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the silence » krzysztof kieślowski
by Krzysztof Kieślowski
Translated by Paul Coates
Bergman's silence is as piercing as the absences of Fellini, Buñuel and Tarkovsky, as the beautiful but unalluring films of Kurosawa, or the ungainly ones of Wajda. It has to be said clearly that we who are younger by a generation or two have not succeeded in stepping into their shoes.
If the truth be told, when I think of contemporary cinema increasingly often the image of a graveyard appears before me. Graves–and bent over them a few elderly men, uncertain and careful in their movements, with a motorway nearby, chock-full of cars that are technically perfect but as alike as peas in a pod.
I reflect on what it was that set Bergman's The Silence apart from other films of its time, thirty years ago, and why so many people in so many countries wanted to see it. It was its tone.
That is something that is very hard to put into words but can be clearly felt and is patent during the screening and long afterwards. It was the first Bergman film to be so uncompromisingly personal and uniform in its style, its mode of narration. It had taken seventeen years of work (he began in 1945 with Crisis, and The Silence comes from 1962) for him to grasp that a film's power comes from the unrelenting honesty of its maker, his courage in refusing to retreat by as much as one step. Not from its philosophical construction (The Seventh Seal, which I do not like), its original and beautiful record of dreams and overpowering nightmares (as in Wild Strawberries), its social elucidation of dramatic events (as in Summer with Monika, which I like a lot)–but from its delineation of feelings we all experience and understand, as we tremble incessantly between love and hate, between fear of death and a longing for rest, between envy and generosity, between a keen sense of humiliation and the joy of revenge.
The Silence takes place in the oppressive stickiness of a baking day and a hot night, which has room for eroticism and lust but none for love, in which the absence of pity, sympathy or even a drop of understanding is a thoroughly natural condition. Throughout this dark, bleak, fearsomely sad film–outside its action and utterances–there pulses a tiny groundless flame of hope.
I know where the bright trace comes from in this dark film. From Bergman's profound belief in humanity, even where circumstances or feelings compel the protagonists to be cruel and ruthless. To aver that the hope is associated with little Johan (Jörgen Lindström)–with the presence of the child–would be too facile. It would be an oversimplification to find it in the letter Ester (Ingrid Thulin) writes to the boy before they leave her or believe that it is given in the words of the foreign language Ester understood, translated, and now passes on to Johan.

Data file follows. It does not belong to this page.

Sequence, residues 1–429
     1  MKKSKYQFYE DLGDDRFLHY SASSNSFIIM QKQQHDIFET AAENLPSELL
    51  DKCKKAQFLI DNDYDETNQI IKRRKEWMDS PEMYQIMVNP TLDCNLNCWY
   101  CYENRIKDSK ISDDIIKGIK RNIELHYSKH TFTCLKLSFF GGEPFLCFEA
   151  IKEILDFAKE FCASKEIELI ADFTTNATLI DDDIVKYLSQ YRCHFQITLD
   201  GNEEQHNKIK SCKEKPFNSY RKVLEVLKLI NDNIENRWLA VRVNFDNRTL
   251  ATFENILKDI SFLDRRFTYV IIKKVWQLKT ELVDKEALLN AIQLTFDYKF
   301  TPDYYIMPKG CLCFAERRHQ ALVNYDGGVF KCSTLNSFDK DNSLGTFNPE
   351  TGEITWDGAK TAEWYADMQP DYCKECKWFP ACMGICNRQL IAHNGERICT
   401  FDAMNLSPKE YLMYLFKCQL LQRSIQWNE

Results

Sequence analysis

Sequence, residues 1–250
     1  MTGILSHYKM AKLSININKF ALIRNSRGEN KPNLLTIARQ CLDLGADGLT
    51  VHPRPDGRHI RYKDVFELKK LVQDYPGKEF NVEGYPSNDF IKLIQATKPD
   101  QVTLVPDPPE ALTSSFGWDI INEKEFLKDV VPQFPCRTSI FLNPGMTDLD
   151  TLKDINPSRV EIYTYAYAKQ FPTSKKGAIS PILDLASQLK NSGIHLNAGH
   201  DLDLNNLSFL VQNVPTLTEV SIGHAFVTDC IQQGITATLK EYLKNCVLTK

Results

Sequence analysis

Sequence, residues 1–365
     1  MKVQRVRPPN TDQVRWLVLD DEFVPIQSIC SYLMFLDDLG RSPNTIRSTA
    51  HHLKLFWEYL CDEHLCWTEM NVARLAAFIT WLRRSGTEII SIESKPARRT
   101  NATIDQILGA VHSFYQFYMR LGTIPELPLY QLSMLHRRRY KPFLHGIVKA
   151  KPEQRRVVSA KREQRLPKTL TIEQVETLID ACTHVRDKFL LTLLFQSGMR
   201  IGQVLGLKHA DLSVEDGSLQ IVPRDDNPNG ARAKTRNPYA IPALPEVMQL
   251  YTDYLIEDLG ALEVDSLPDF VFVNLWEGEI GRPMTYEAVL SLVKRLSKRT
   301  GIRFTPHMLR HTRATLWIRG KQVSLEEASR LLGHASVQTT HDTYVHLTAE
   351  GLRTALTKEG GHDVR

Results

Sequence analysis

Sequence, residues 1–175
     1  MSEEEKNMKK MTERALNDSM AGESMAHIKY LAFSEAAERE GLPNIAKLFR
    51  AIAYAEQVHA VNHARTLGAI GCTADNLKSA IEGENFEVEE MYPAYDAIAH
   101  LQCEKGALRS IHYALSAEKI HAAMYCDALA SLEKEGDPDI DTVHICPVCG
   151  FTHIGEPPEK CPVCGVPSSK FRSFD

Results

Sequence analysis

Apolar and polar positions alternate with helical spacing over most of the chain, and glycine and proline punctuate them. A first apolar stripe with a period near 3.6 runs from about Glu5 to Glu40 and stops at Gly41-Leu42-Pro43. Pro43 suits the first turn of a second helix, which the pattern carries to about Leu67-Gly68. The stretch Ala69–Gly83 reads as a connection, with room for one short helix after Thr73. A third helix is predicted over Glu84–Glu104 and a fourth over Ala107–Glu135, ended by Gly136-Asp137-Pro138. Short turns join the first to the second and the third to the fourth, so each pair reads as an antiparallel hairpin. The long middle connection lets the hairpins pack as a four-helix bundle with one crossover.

It would be even more inappropriate to discern it in the figure of the old maitre d'hotel (Håkan Jahnberg), who helps the sick Ester, brings her vodka and food, wipes the sweat from her face and plays with Johan. No, the hope in this film–invisible but ever-present–is hidden much deeper. It is in Ester's delicate, actually fleeting gesture as she watches Anna (Gunnel Lindblom) sleeping naked, with little Johan snuggled up to her, and suspends her hand in mid-air, then withdraws it, fearing to stroke her sister: fearing a gesture that would indicate feeling. It is surely that. Is it love? Yes. It is in the violent reaction of Anna, who, after humiliating Ester by letting her see her in the arms of a casual lover, laughs, happy to have caused her sister pain, and then suddenly, unexpectedly, the laughter turns into tears as despairing as the laughter had been hateful. Why does Anna laugh? Because she hates her sister. Why does she cry? Because she loves her. Love: the love one cannot show if one has plunged so deeply into the display of hostility, into reciprocal humiliation; the love one cannot admit to, even to oneself: this is the hidden, invisible, yet continual small flicker of hope in The Silence. How Ester and Anna must have loved one another in their childhood before they discovered that their father gave them great love but each felt it to be unjust. When did they understand this? Did a word, a gesture or perhaps just a look from their father engender jealousy, then ecstatic hatred? Somewhere, somebody made a mistake. But who? The father? One of the sisters? The mother, who goes unmentioned throughout the film? If one ponders these questions in earnest, with the knowledge one now has of Fanny and Alexander (the mother quickly forgets the father's death and marries the severe pastor)–it seems as if it must have been the mother. It is possible that where the future is concerned the mistake that will sow uncomprehended complexes and pain in Johan is the moment when he sees his mother shamelessly kissing the waiter (Birger Malmsten).